The woven or the nonwoven fabric tube is, on the other hand, difficult to damage even if it is hit or rubbed with a hard object since the woven or nonwoven fabric tube is formed of a mass of fibres, and if it has at least a certain thickness, it possesses compressibility. Therefore any portions of the tube covering corners or bends or any portions of the tube which are hit by or rub against a hard object are compressed against the electrical conductor and/or absorb shocks caused by the hitting or rubbing in the process of being compressed. However, the woven or nonwoven fabric tube has also the disadvantage that its dielectric strength is lower than the dielectric strength of the plastic tube, because of the porosity of the fabric material.
Accordingly, an object of the present invention is to provide an insulator having a high dielectric strength for covering electric conductors.
Another object of the present invention is to provide an insulator having a high mechanical strength for covering electric conductors.
Another object of the present invention is to provide an insulator for covering electric conductors, which insulator provides a high dielectric strength and a high mechanical strength.
Another object of the present invention is to provide an insulator for covering electric conductors which reduces the work involved in applying the insulator to the electric conductor.
To achieve these objects an insulator for covering conductors comprises a flexible plastic film tube and a soft material formed on the inner face of the tube, with a sufficient flexibility of the tube being maintained to permit the conductor to freely be bent.
The above and other objects, features and advantages will be apparent from the following description taken in connection with the accompanying drawings, in which:
FIG. 1 is a perspective view broken away in part of an insulator for covering electric conductors according to the present invention;
FIGS. 2 and 3, respectively, are a cross sectional view and a longitudinally sectional view of the insulator of FIG. 1 into which an electric conductor is slid for insulation;
FIG. 4 is an enlarged sectional view of the part P shown in FIG. 3; and
FIGS. 5a-5c and 6, respectively, are perspective views partly broken away of other embodiments according to the present invention.
Referring now to FIG. 1, there is shown an insulator 1 for covering electric conductors embodying the present invention, which comprises a tube 2 made of flexible plastic film and a soft material 3 provided on the entire inner surface of the tube 2. The soft material may be provided in the form of fine fibers or filaments.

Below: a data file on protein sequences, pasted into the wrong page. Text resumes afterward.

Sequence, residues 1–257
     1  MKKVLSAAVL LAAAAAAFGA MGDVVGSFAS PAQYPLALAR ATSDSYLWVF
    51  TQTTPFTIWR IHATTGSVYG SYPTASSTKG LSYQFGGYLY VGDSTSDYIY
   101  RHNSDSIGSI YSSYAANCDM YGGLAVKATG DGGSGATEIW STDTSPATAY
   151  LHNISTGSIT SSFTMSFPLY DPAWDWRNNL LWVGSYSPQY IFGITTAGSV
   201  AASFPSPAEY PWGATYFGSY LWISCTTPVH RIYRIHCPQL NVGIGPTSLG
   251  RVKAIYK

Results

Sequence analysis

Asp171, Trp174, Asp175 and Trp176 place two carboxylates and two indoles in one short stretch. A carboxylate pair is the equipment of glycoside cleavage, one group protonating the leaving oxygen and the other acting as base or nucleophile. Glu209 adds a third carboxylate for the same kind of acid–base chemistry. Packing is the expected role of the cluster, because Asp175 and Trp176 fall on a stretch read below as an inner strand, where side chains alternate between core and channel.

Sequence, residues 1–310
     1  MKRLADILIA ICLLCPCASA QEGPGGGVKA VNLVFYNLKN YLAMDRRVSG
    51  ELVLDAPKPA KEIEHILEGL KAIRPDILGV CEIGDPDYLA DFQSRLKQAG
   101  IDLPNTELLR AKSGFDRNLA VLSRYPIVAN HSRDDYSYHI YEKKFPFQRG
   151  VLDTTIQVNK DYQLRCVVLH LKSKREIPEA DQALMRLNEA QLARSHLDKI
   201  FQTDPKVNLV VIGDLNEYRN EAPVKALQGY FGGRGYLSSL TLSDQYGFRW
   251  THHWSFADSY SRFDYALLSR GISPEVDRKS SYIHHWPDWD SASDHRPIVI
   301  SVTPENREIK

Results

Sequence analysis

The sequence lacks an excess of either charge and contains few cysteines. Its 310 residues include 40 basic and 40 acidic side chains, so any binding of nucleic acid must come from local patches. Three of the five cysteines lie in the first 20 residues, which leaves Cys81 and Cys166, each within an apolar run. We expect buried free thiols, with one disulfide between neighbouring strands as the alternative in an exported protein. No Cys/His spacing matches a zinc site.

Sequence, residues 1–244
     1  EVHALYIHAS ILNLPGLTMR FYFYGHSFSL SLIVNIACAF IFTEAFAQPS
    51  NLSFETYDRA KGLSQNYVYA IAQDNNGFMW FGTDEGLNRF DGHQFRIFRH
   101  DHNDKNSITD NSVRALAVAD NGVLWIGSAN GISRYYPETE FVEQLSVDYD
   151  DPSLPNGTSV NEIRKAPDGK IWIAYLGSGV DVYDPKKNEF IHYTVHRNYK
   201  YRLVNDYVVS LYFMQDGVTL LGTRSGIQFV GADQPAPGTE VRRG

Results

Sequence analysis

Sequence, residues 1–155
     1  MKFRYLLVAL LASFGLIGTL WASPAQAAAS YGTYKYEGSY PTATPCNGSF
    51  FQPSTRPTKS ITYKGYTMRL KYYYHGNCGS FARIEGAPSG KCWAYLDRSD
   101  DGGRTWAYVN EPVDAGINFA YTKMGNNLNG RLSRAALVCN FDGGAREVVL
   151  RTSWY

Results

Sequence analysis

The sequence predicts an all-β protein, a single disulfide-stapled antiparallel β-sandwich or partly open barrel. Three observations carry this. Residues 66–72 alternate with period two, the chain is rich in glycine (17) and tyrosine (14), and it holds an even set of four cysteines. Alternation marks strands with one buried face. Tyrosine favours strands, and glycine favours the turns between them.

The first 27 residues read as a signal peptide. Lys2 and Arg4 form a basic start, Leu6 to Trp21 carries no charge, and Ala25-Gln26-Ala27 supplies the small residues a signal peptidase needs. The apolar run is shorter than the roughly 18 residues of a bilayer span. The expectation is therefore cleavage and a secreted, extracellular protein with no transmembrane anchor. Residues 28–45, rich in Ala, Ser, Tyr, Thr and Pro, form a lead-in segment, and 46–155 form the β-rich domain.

As shown in FIG. 2, when a conductor which is rectangular in cross section is slid into the thus constructed insulator 1, the insulator 1 is not damaged for the reason that the tube 2 does not contact directly the conductor 4 and the soft material 3 is compressed at the corners of the conductor 4 so that the portions of the tube covering these corners need not be abruptly curved. Actually, the corners of the insulator will be rounded thereby preventing any breakage of such portions of the tube 2.
Referring to FIG. 3, in case the conductor 4 has to be bent after it is covered with the insulator 1, large but thin creases are produced at the inner angle portion of the tube 2 due to the provision of the soft material 3 on the inner surface of the tube 2, while the tension exerted on the tube 2 is relieved at the exterior angle portion of the tube 2 due to the contraction of the soft material 3.
As described above, with the use of the insulator according to the present invention, the insulated conductor is no longer subject to sharp curves at the corners nor fine creases at the bends, and unusual tension on the tube covering the electric conductor 4 is eliminated. Accordingly, the thus insulated conductor is prevented from being broken.
Furthermore, in the case where working tools, such hammers or the parts of the electrical machinery such as bolts, drop on the insulator 1 covering the conductor 4 and hit or rub against the insulator 1, the soft material 3 is compressed to deform, as shown in FIG. 4, thereby to absorb the hitting or rubbing external force F. In this manner, the external force F may be relieved; however, without the soft material, such a force causes the tube 2 to be in high pressure direct contact with the conductor 4 or to be crushed thereby. Thus, the mechanical injury of the tube due to such forced pressure or crush is avoidable in accordance with this invention.
The insulator 1 as shown in FIG. 1 may be made by napping a flexible plastic film sheet to form a soft material, shaping the sheet into a cylinder so that the napped surface of the sheet constitutes the inside of the cylinder and then covering the outer surface of the cylinder with an adhesive film.
While the insulator 1 heretofore described has the soft material 3 which is a mass of filaments provided on the entire inner surface of the tube 2 by treating the inner surface of the tube, it is to be understood that the tube 2 and the soft material 3 are separately prepared and then these are united together to form an insulator 1. The soft material 3 may be, therefore, a felt consisting of a mass of fibers.